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Steam Age Kicks

Stuart Bailie | 13:33 UK time, Friday, 22 February 2013

The Undertones - Teenage Kicks single cover

Why are old punk rockers so reactionary? In particular, the creaky custodians of Alternative Ulster? I watched One Direction at the Brits last night, mashing up The Undertones and Blondie, knowing full well that instantly, social media would be clogged up with humourless defences of 'Teenage Kicks'. Their irate brayings would make you believe that there was some kind of heritage order slapped on the John O'Neill song, that it was untouchable, subject to permission. The sole preserve of fifty something blokes who were there, man.

Strange to remember that back in 1978, The Undertones were unsure about releasing the song because they thought it was "too pop". The hairy rock guys at the Casbah club used to rib the band about their "big" song. Thankfully history prevailed, the recording was done and the legacy has survived dozens of cover versions, from bossa nova to grinding Americana. It's the mark of a decent song. It can survive anything. Even a Busted rendition.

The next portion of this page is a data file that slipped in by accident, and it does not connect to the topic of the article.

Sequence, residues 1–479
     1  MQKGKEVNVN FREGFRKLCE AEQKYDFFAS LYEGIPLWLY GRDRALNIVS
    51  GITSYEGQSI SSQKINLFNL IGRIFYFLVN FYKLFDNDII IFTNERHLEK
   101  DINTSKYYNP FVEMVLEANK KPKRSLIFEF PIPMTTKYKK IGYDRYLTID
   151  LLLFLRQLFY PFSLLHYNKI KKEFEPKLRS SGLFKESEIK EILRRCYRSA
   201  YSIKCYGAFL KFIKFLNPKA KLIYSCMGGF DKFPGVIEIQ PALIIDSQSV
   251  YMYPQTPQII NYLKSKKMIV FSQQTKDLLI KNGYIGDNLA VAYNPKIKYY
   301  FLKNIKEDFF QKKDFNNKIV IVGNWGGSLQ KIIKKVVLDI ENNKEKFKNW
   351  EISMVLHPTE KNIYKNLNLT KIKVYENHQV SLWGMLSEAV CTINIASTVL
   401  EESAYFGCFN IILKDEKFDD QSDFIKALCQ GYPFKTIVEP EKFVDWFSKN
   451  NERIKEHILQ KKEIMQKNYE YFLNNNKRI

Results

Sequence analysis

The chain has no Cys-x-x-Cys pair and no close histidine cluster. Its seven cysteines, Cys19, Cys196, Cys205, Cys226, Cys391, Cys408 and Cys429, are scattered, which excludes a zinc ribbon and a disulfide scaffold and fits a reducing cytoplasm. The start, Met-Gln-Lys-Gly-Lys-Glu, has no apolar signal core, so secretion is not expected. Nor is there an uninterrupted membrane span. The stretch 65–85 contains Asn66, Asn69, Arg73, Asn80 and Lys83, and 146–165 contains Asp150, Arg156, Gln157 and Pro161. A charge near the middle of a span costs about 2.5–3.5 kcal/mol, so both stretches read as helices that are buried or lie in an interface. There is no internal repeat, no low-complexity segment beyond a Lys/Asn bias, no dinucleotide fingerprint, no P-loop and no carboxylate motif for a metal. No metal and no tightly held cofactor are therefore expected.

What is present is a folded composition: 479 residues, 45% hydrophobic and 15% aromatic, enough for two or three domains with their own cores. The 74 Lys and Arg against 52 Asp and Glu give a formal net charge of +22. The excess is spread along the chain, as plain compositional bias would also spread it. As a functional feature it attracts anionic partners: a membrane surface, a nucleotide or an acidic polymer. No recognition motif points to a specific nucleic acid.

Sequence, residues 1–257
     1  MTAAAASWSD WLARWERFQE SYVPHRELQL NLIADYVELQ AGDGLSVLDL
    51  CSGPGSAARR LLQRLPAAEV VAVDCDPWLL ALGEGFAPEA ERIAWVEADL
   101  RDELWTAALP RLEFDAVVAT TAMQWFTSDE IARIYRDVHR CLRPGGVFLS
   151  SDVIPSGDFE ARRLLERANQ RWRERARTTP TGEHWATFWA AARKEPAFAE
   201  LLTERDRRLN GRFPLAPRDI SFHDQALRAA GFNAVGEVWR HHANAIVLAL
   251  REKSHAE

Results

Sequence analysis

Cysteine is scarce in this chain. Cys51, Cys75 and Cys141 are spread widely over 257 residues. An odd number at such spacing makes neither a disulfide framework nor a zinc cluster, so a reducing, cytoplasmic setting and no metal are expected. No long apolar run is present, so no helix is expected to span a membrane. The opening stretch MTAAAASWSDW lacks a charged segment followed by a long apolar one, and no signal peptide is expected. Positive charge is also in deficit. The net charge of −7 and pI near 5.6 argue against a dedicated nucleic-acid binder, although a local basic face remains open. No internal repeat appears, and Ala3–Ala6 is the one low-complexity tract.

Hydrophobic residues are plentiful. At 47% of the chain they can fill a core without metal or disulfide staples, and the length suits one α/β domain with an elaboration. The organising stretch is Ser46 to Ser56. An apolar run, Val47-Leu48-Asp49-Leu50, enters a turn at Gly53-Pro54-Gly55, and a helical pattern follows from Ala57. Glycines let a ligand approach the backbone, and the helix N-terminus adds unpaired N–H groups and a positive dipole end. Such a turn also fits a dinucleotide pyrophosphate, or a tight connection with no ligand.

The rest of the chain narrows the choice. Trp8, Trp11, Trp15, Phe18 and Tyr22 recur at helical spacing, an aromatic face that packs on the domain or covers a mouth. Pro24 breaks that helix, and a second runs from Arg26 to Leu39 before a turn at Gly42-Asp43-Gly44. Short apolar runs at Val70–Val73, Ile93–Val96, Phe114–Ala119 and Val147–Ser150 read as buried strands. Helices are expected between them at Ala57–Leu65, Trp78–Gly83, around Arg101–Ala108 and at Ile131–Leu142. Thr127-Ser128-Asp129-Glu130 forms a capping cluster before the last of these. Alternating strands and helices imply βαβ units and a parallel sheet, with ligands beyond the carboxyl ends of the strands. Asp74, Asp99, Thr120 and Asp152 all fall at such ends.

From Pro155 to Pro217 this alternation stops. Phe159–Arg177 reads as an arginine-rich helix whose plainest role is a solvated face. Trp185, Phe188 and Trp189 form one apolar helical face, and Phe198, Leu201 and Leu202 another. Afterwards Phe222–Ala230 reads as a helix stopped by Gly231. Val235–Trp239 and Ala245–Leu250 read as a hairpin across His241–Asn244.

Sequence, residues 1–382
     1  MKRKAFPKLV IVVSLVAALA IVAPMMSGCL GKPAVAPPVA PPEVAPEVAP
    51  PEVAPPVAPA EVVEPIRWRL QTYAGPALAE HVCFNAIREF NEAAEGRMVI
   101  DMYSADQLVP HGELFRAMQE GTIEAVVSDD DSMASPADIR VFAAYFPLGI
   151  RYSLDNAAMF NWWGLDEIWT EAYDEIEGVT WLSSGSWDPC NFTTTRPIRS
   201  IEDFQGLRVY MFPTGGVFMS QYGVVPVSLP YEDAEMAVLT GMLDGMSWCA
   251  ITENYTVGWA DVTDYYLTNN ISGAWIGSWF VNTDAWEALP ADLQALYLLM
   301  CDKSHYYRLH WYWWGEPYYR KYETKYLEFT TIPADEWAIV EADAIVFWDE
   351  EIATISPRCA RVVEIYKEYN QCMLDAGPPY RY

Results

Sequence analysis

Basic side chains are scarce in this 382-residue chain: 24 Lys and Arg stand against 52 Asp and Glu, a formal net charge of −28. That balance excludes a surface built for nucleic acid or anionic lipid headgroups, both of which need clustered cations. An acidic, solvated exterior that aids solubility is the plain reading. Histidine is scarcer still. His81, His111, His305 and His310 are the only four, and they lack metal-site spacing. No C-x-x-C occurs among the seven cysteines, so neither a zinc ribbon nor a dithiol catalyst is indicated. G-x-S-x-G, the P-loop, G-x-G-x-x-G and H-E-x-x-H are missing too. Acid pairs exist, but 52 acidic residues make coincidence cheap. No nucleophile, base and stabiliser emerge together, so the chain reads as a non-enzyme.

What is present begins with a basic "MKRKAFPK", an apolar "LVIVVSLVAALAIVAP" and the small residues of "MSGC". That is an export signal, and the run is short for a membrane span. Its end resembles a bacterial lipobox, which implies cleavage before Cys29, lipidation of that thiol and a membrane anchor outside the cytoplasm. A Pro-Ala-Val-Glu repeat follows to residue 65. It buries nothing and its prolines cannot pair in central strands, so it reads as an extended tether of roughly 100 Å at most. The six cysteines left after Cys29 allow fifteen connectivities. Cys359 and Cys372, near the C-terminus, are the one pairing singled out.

In the writing of 'Teenage Kicks', John O' Neill revealed his love for the Ronettes. They were one of the most manufactured pop bands ever. Yet the music had an imperial passion that The Undertones managed to translate. To this extent, John was mining a tradition that went back to the New York Dolls and even The Beatles. Rough boys singing tunes made famous by pouting girl bands.
So when old guys start bleating about "real" punk, don't ever listen. Punk was more camp and pop than the roundheads will care to remember. Also, the Sex Pistols were manufactured to the max - styled, procured, hyped, managed and presented by Malcolm and Vivienne.
History is not safe in the hands of the die hards. And 'Teenage Kicks' is bigger and bolder that One Direction and their squawking methology.


  • Comment number 1.

    It still doesn't take away from the fact that the One Direction version is awful.

    ' the Sex Pistols were manufactured to the max - styled, procured, hyped, managed and presented by Malcolm and Vivienne.' A certain Mr Lydon would beg to differ.


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